© 2014 Hewlett-Packard Development Company, L.P. The information contained herein is subject to change without notice. The only warranties for HP products and services are set forth in the express warranty statements accompanying such products and services. Nothing herein should be construed as constituting an additional warranty. HP shall not be liable for technical or editorial errors or omissions contained herein.


  1. This is the biggest technology change I have seen in many years.
    The only concern I would have (in terms of the AEC application of this) is if a construction project’s large format drawings are completely done in color and the color used was not just “pretty” color, but ”information” color. That is, for the drawing to make proper sense, it NEEDS to be in color.
    Somewhere down the line, someone will make B&W copies of the color prints and that color reliant info will be lost.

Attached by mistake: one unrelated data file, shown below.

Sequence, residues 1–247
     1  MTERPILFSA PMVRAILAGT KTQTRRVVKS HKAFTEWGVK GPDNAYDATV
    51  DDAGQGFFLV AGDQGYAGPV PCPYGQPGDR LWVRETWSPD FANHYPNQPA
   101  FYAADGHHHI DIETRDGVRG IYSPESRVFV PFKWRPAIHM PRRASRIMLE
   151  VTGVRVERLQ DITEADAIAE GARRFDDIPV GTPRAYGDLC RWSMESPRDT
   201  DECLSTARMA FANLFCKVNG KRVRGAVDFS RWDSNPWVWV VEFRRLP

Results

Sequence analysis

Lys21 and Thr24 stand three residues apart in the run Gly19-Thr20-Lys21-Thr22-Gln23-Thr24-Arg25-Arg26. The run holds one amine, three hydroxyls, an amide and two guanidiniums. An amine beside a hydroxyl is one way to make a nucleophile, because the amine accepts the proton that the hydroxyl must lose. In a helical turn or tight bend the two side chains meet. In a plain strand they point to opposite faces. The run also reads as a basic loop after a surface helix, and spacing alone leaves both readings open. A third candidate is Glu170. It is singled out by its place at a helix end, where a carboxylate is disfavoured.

Yeah….you can print “MUST REPRODUCE IN COLOR” on the title block, but some cheap bastard will ignore that.
    Maybe I’m just being a contrarian, but I always side with simple.
    But then again, people keep saying that all construction docs will be on IPAD, so all a moot point, right?
    But still….a game changer.

  2. Hi Steven, to clarify a bit….

    a) the first 3 or 4 "PageWide" DesignJet printers are designed to address the "technical document" (i.e., CAD drawings) market! It's certainly a slam-dunk that, later on, HP will release versions that address the color poster / display graphics market. The first versions will not just produce "pretty" color; they will produce the type (and quality) of color that's necessary to accurately depict information in CAD drawings.

    2) I don't know why anyone, "down the line" would want to make b/w copies of a color CAD print, especially since, later on, HP wide-format "PageWide" printers will print/copy in color at less cost than similar LED b/w printers that print only in b/w.